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In C# I can do actually this:

//This is C#
static T SomeMethod<T>() where T:new()
{
  Console.WriteLine("Typeof T: "+typeof(T));
  return new T();
}

//And call the method here
SomeMethod<SomeClassName>();

But for some reason I can't get it to work in Java.

The thing I want to do is, to create a static method on a superclass, so the subclasses can be converted to XML.

//This is Java, but doesn't work
public static T fromXml<T>(String xml) {
  try {
    JAXBContext context = JAXBContext.newInstance(T.class);
    Unmarshaller um = context.createUnmarshaller();
    return (T)um.unmarshal(new StringReader(xml));
  } catch (JAXBException je) {
    throw new RuntimeException("Error interpreting XML response", je);
  }
}

//Also the call doesn't work...
fromXml<SomeSubObject>("<xml/>");
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5 Answers 5

up vote 39 down vote accepted
public static <T> T fromXml(Class<T> clazz, String xml) {

Called as:

Thing thing = fromXml(Thing.class, xml);

or more explicitly:

Thing thing = MyClass.<Thing>fromXml(Thing.class, xml);

To be even more confusing you can have constructors that both construct a generic type and have a generic parameter themselves. Can't remember the syntax and have never seen it used in anger (you are probably better off with a static creation method anyway).

The cast (T) is unsafe, and you can't write T.class. So include the T.class as an argument (as JAXBContext.newInstance does) and throw a relevant exception if the type is wrong.

public static <T> T fromXml(Class<T> clazz, String xml) {
    try {
        JAXBContext context = JAXBContext.newInstance(clazz);
        Unmarshaller um = context.createUnmarshaller();
        Object obj = um.unmarshal(new StringReader(xml));
        try {
            return clazz.cast(obj);
        } catch (ClassCastException exc) {
             throw new RelevantException(
                 "Expected class "+clazz+
                  " but was "+obj.getClass()
             );
        }
    } catch (JAXBException exc) {
        throw new RelevantException(
            "Error unmarshalling XML response",
            exc
         );
    }
}

I believe the next version of JAXB (in 6u14?) has some convenience methods for this sort of thing in the JAXB class.

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2  
won't even compile... You cannot write T.class –  pgras Feb 26 '09 at 12:56
1  
I didn't mean write T.class in the method. I said as an argumnet. And the calling function may no (or may have it passed as an argumnet). –  Tom Hawtin - tackline Feb 26 '09 at 13:00
    
The newInstance(T.class) was a copy & paste which I didn't see. Still the question seems to be about how to write a generic method. –  Tom Hawtin - tackline Feb 26 '09 at 13:04
    
Please rewrite JAXBContext.newInstance(T.class) to JAXBContext.newInstance(clazz) so I can accept it. –  doekman Feb 26 '09 at 13:52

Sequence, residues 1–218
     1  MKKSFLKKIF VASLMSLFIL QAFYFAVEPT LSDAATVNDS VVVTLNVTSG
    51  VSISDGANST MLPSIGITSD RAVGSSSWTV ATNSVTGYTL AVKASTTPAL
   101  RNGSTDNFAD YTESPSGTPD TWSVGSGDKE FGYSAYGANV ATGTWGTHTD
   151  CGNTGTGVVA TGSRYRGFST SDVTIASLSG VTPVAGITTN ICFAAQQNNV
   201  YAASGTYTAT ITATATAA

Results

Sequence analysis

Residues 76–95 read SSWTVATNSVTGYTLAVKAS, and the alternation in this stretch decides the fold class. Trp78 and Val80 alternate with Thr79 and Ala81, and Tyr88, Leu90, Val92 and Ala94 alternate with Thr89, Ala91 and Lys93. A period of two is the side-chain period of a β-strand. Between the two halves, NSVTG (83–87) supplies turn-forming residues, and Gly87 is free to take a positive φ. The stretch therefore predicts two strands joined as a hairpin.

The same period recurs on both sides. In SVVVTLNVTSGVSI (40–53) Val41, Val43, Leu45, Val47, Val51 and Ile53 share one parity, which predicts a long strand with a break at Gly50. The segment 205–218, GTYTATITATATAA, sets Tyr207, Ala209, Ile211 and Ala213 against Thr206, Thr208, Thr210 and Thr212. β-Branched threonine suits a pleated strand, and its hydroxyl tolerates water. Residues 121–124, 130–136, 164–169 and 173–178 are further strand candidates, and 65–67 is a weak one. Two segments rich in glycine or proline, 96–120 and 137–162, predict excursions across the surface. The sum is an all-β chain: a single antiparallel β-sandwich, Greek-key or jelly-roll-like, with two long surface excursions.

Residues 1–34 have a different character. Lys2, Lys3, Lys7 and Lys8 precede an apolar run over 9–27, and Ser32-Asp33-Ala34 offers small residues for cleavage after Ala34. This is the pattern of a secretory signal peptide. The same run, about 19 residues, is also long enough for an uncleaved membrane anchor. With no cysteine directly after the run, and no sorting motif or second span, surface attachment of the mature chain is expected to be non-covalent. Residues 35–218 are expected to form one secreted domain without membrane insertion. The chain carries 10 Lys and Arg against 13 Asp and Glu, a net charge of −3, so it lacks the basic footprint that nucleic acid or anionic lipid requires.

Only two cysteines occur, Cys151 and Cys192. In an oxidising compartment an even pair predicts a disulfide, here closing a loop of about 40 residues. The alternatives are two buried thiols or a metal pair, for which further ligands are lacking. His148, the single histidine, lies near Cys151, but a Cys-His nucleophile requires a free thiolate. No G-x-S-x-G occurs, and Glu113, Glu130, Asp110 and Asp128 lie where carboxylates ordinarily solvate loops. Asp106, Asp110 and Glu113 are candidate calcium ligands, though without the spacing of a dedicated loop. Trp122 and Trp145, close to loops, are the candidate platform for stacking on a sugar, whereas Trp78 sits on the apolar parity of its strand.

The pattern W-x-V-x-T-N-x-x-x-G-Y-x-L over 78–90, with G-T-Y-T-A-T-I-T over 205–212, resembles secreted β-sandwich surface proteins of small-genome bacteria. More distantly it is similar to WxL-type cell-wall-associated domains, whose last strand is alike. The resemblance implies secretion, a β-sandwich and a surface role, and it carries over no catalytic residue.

Gah. I got myself into a pickle editing this... –  Tom Hawtin - tackline Feb 26 '09 at 14:18

In Java, generics are compile-time only data, which are lost at run time. So, if you called a method like that, the JVM would have no way of knowing what T.class was. The normal way to get around this is to pass a class instance object as a parameter to the method, like this:

public static <T> T fromXml(Class<T> clazz, String xml) {
  try {
    JAXBContext context = JAXBContext.newInstance(clazz);
    Unmarshaller um = context.createUnmarshaller();
    return (T)um.unmarshal(new StringReader(xml));
  } catch (JAXBException je) {
    throw new RuntimeException("Error interpreting XML response", je);
  }
}

fromXml(SomeSubObject.class, "<xml/>");
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Still not the way to write a generic method. –  Tom Hawtin - tackline Feb 26 '09 at 13:04
    
Almost. The <T> needs to be right after the "static", not "fromXml" I think. –  doekman Feb 26 '09 at 13:48
    
Not ideally, no. But if he is going to need access to the type information at run time (to call JAXBContext.newInstance()), he will need an object of that class, or the class object. –  Avi Feb 26 '09 at 13:48
    
@doekman: Thanks, I fixed it –  Avi Feb 26 '09 at 13:49

I did something similar some time ago. You need some clever introspection code. Look at that excellent article.

(to remove any confusion: that article is not mine- but I found it when working on the subject)

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I am afraid what you are trying to do will simply not work in Java. Not being able to create new instances of generic types is one of those "must have" features that .NET provided while Java is simply missing. This leads to "workarounds" like those suggested earlier. Check out the ArrayList.toArray(T) as a reference how this can be done: essentially you will have to pass a reference to an object that you are trying to create so that you know what class to instantiate at runtime. This is the code from ArrayList.toArray(T):


public <T> T[] toArray(T[] a)
{
   if (a.length < size)
   {
      a = (T[]) java.lang.reflect.Array.
         newInstance(a.getClass().getComponentType(), size);
   }
   System.arraycopy(elementData, 0, a, 0, size);
   if (a.length > size)
   {
      a[size] = null;
   }
   return a;
}

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Methods like Java's Collections.emptySet() have a signature like this:

public static final <T> Set<T> emptySet()

And are called like this:

Set<Foo> foos = Collections.<Foo>emptySet();

Mockito's anyObject() method is another example. I personally don't find either syntax to be very awesome. Passing the type in as a method argument works but always felt kludgy. Providing the parameter in the way that emptySet() does seems cleaner but it's not always apparent that a method allows a type to be specified.

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